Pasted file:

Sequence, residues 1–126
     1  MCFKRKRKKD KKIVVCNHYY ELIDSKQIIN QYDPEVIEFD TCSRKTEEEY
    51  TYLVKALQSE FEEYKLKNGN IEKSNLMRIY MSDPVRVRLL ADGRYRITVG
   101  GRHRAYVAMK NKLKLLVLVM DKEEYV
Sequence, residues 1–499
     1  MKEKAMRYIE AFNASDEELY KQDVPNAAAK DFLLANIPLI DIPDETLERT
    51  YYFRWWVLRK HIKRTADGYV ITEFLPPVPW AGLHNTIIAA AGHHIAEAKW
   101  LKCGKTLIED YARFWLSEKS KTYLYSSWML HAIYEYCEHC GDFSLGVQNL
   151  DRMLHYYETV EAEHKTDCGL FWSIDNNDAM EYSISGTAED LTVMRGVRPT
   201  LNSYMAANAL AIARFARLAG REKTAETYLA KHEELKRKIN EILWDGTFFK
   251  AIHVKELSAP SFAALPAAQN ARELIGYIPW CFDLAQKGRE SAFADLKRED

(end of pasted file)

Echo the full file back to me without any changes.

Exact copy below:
Sequence, residues 1–126
     1  MCFKRKRKKD KKIVVCNHYY ELIDSKQIIN QYDPEVIEFD TCSRKTEEEY
    51  TYLVKALQSE FEEYKLKNGN IEKSNLMRIY MSDPVRVRLL ADGRYRITVG
   101  GRHRAYVAMK NKLKLLVLVM DKEEYV
Sequence, residues 1–499
     1  MKEKAMRYIE AFNASDEELY KQDVPNAAAK DFLLANIPLI DIPDETLERT
    51  YYFRWWVLRK HIKRTADGYV ITEFLPPVPW AGLHNTIIAA AGHHIAEAKW
   101  LKCGKTLIED YARFWLSEKS KTYLYSSWML HAIYEYCEHC GDFSLGVQNL
   151  DRMLHYYETV EAEHKTDCGL FWSIDNNDAM EYSISGTAED LTVMRGVRPT
   201  LNSYMAANAL AIARFARLAG REKTAETYLA KHEELKRKIN EILWDGTFFK
   251  AIHVKELSAP SFAALPAAQN ARELIGYIPW CFDLAQKGRE SAFADLKRED